Through hole (via) is one of the important components of multilayer PCB, the cost of drilling usually accounts for 30% to 40% of the PCB board. Simply put, every hole in the PCB can be called a pass hole. In terms of function, pores can be divided into two categories:
First, is used as an electrical connection between the layers; The second is used for fixing or positioning devices. In terms of technological process, these holes are generally divided into three categories, namely blind via, buried via and through via. Blind holes are located on the top and bottom surfaces of the PCB and are of a certain depth. They are used to connect the surface circuit to the inner circuit below. The depth of the holes usually does not exceed a certain ratio (aperture). Buried holes are connection holes located in the inner layer of the PCB that do not extend to the surface of the PCB.
Both types of holes are located in the inner layer of the circuit board, which is completed by a through-hole molding process prior to lamination. Several inner layers may be overlapped during the through-hole formation process. The third type, called through-holes, runs through the entire circuit board and can be used for internal interconnection or as installation positioning holes for components. Because the through hole in the process is easier to achieve, the cost is lower, so most of the printed circuit board uses it, rather than the other two through holes. The following mentioned through holes, without special instructions, are considered as through holes.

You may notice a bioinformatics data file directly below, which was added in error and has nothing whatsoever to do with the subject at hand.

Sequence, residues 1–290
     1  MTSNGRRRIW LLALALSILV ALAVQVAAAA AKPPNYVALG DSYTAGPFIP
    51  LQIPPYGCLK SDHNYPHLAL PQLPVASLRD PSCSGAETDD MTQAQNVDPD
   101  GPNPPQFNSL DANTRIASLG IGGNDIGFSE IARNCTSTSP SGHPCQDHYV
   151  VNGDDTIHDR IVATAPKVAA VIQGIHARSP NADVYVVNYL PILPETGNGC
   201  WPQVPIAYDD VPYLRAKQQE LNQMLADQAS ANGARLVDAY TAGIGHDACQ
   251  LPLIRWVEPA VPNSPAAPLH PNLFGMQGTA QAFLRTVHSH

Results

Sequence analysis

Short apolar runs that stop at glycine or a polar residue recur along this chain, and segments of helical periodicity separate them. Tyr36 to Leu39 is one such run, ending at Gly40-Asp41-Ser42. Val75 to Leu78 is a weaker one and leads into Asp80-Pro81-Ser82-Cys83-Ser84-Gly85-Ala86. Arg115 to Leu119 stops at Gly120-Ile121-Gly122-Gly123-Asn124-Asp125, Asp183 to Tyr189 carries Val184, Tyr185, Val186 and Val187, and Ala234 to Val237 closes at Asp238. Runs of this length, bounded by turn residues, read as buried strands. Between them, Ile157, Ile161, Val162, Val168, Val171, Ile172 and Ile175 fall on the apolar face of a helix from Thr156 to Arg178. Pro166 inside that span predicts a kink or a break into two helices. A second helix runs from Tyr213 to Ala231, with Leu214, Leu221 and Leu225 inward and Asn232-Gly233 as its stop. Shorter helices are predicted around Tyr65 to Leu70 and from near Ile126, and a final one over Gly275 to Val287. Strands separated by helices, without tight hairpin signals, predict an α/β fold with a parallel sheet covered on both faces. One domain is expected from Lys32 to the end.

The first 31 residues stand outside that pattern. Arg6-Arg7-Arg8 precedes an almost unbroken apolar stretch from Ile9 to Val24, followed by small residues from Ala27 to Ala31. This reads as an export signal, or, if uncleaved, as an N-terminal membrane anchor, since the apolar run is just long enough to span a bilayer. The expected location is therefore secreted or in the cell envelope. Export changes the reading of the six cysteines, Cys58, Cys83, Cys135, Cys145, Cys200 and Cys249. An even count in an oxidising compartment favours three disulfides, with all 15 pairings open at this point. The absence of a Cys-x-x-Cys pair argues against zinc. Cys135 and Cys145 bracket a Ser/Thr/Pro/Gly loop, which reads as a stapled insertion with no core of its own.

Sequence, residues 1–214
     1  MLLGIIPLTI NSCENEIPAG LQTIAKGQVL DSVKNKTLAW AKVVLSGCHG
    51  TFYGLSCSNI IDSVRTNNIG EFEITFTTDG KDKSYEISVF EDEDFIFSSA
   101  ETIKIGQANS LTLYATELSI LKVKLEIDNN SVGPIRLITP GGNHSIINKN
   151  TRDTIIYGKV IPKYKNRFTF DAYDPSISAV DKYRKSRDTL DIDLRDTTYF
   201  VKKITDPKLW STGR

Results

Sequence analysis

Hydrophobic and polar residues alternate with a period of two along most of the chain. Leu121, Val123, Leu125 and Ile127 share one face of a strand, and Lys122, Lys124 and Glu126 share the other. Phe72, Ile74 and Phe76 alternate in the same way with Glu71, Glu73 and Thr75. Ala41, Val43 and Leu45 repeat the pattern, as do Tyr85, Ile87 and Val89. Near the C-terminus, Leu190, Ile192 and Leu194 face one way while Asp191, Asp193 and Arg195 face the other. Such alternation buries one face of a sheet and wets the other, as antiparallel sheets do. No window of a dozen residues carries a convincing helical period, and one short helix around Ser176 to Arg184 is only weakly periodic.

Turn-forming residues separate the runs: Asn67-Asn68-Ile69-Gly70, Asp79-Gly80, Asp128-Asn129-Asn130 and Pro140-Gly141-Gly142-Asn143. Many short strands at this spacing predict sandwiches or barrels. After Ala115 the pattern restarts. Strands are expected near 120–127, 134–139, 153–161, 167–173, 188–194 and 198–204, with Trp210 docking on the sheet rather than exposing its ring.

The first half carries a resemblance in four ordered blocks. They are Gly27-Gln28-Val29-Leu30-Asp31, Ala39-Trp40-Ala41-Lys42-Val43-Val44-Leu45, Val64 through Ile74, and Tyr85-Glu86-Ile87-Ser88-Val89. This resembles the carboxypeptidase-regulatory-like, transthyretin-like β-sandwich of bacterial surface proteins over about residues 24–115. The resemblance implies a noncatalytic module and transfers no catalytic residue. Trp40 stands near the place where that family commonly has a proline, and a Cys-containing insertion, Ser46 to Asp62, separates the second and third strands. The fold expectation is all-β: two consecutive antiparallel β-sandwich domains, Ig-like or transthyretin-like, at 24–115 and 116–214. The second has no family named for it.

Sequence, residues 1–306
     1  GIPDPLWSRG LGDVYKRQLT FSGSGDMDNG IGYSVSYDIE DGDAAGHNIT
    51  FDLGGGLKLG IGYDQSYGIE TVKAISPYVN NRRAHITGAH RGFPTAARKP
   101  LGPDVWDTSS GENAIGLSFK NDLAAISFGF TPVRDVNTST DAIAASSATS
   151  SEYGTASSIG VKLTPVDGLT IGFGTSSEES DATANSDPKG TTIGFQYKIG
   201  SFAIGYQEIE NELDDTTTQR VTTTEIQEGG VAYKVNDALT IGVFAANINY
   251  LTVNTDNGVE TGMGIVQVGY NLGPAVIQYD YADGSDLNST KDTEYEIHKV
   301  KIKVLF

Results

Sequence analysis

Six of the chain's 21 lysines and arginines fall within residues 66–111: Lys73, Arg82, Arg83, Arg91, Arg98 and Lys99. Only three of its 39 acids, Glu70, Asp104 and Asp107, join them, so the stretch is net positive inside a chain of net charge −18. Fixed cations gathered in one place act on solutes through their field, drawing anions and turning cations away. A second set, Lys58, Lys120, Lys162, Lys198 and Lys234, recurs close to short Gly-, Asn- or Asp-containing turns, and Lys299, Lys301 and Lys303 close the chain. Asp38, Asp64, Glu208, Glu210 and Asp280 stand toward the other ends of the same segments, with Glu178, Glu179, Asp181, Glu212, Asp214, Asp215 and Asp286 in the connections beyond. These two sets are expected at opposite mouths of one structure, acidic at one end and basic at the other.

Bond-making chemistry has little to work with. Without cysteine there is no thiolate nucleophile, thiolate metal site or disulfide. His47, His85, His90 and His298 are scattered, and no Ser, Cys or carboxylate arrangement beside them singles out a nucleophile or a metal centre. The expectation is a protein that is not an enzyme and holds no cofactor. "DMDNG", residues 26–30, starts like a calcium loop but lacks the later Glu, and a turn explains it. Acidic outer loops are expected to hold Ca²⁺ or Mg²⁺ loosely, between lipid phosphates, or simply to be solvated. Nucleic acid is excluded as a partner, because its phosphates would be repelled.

From the design point of view, a through hole is mainly composed of two parts, one is the drill hole in the middle, and the other is the welding pad area around the drill hole, as shown in the figure below. The size of these two parts determines the size of the hole. Obviously, in the design of high speed, high density PCB, the designer always wants the hole as small as possible, the template can leave more wiring space, in addition, the hole is smaller, its own parasitic capacitance is smaller, more suitable for high speed circuit. But as hole sizes get smaller, they cost more, and don't keep getting smaller. It's limited by technology such as drill and plating. The smaller the holes, the longer it takes to drill, and the more off-center it gets. When the hole depth is more than 6 times the diameter of the hole, it is impossible to guarantee the uniform copper plating on the hole wall. For example, the thickness (through hole depth) of a normal 6-layer PCB board is about 50Mil, so the minimum drilling diameter provided by PCB manufacturers can only reach 8Mil.